BORDERERS remain the most responsive towards a Scotland-wide campaign for reducing bowel cancer deaths.

Through-the-post screening kits are sent to everyone in the country between the ages of 50 and 74.

And over the past three years a higher percentage of people in the Borders have returned stool samples than anywhere else on mainland Scotland.

During 2015/16 and 2016/17 a total of 62.1 per cent of kits sent to people in the NHS Borders area were returned with samples - 58.6 per cent of men and 65.5 per cent of women.

And the most recent figures for 2017/18 show that the trend has continued with 61.8 percent returning the kits - 58.2 percent of men and 65.2 percent of women.

The statistics also show that the Scottish Borders sits just behind Dumfries and Galloway - at 1.76 percent - when it comes the least amount of positive results.

Bowel cancer remains the third most common cancer in Scotland.

And the postal screening kits can help provide an early diagnosis and increased chance of survival.

Health secretary Shona Robison is trying to encourage more and more people to return the postal screening tests.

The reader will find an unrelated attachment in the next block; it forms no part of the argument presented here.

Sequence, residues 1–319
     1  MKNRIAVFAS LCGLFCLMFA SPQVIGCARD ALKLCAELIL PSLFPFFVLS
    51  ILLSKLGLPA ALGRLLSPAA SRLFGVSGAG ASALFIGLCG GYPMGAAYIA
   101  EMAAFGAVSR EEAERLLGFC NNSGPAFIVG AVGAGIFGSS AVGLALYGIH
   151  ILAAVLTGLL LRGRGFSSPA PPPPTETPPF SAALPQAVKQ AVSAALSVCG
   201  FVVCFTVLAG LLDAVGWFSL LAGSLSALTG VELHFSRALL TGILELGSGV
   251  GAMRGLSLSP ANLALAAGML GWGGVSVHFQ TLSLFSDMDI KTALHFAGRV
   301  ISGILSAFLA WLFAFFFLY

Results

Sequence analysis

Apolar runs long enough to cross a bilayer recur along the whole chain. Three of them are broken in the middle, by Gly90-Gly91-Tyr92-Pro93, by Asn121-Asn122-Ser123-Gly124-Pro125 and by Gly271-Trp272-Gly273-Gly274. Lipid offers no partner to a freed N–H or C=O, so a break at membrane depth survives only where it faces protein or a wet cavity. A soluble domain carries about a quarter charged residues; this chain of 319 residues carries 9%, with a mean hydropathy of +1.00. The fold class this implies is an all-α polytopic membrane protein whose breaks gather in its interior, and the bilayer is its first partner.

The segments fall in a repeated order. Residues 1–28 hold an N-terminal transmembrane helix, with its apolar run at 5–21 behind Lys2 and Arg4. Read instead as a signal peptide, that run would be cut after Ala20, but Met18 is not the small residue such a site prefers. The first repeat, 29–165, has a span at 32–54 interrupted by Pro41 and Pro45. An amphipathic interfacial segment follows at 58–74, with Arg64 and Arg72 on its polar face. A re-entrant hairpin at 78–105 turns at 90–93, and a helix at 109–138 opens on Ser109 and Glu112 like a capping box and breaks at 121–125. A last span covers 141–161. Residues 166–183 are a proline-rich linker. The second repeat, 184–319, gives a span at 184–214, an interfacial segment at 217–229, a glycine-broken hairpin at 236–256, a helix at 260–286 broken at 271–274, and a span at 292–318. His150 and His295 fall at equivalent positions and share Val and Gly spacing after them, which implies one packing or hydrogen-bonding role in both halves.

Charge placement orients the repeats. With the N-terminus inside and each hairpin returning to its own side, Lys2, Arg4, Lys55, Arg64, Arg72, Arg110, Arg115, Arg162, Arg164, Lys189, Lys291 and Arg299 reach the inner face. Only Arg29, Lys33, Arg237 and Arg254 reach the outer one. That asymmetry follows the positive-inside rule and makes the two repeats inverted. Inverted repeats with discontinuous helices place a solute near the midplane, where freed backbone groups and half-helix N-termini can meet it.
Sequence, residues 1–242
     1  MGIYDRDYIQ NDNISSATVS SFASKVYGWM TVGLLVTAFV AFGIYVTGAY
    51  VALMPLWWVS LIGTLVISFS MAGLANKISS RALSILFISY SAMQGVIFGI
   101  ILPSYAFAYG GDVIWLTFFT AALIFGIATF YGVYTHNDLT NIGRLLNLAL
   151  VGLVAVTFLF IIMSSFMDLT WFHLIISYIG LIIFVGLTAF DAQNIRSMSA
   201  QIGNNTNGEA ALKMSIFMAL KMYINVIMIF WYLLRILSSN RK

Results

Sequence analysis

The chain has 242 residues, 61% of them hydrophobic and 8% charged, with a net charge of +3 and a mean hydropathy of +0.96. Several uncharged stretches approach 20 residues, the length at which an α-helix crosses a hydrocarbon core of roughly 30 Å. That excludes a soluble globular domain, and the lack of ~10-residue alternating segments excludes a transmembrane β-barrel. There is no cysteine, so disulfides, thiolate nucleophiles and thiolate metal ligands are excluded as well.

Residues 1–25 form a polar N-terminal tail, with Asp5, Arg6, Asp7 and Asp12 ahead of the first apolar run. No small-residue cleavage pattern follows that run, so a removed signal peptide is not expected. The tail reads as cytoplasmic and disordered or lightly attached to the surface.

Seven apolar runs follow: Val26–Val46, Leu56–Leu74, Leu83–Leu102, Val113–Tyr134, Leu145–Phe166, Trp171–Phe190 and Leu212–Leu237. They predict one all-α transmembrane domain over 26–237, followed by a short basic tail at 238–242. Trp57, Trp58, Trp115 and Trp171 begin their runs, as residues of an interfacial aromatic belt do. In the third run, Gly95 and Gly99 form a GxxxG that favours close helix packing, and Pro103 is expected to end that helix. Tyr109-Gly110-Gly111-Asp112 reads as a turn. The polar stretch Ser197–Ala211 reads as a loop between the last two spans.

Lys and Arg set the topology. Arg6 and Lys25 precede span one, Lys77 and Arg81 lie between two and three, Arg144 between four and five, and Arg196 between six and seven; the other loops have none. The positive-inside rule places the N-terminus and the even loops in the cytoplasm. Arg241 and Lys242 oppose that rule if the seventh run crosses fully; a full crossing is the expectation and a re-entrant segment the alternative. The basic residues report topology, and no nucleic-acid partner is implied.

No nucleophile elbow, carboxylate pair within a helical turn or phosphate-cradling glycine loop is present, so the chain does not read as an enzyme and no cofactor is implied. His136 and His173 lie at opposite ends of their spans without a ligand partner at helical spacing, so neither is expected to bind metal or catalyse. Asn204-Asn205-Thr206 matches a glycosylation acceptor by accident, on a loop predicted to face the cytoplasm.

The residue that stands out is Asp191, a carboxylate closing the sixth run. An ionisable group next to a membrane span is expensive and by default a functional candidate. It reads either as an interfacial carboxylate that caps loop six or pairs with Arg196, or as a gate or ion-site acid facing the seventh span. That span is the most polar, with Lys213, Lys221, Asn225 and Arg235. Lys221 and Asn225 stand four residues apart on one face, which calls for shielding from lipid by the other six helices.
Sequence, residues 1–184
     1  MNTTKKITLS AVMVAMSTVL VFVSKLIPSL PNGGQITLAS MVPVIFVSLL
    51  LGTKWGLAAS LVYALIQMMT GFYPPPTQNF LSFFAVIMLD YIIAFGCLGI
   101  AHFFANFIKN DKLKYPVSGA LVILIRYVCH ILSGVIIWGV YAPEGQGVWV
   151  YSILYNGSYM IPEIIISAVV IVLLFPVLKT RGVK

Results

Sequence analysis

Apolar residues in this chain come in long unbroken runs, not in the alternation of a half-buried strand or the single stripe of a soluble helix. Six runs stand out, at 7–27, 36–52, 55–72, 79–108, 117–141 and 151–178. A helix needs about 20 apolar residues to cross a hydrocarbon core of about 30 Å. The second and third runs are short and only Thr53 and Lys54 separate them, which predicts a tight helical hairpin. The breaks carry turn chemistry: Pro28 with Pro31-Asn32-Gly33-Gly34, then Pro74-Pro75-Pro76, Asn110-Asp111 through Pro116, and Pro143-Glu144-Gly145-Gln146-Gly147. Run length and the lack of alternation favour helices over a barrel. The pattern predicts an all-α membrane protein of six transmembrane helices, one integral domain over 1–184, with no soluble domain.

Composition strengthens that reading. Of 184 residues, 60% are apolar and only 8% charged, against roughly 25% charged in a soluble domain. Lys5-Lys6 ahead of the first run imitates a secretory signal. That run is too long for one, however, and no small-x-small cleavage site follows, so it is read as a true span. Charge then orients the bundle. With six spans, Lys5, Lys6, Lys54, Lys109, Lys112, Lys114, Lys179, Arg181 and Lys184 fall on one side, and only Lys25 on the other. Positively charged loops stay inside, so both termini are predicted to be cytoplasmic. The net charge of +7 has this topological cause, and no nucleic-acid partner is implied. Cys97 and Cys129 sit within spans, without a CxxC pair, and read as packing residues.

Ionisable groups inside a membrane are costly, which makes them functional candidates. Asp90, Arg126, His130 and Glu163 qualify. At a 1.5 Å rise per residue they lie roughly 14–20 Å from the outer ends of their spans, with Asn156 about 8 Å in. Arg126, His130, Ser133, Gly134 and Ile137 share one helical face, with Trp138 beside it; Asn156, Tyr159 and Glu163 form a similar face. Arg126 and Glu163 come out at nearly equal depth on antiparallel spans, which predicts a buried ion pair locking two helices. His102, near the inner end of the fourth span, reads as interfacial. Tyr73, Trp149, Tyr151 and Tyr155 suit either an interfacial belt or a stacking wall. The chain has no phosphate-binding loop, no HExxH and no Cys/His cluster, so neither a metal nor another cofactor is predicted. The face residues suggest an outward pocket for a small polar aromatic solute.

She said: "Early diagnosis is crucial to saving lives.

"More than 90 per cent of bowel cancer cases can be treated successfully, if diagnosed early."

Every year more than 3,700 people are diagnosed with bowel cancer in Scotland and around 1,500 people die from the disease. However, bowel cancer is treatable and curable - with patients being around 14 times more likely to survive if it's found early enough.

A new simplified screening test was launched almost 18 months ago following a successful pilot scheme, in a bid to increase participation.

The new test only requires collecting one stool sample compared to the six separate samples previously required.

And, like the previous test, it will still be posted out every two years.

Ms Robison added: "The new test is easier to use than the previous process and this will increase the number of people completing screening.

"This will enable us to detect more conditions at an earlier stage, helping more people to beat bowel cancer than ever before."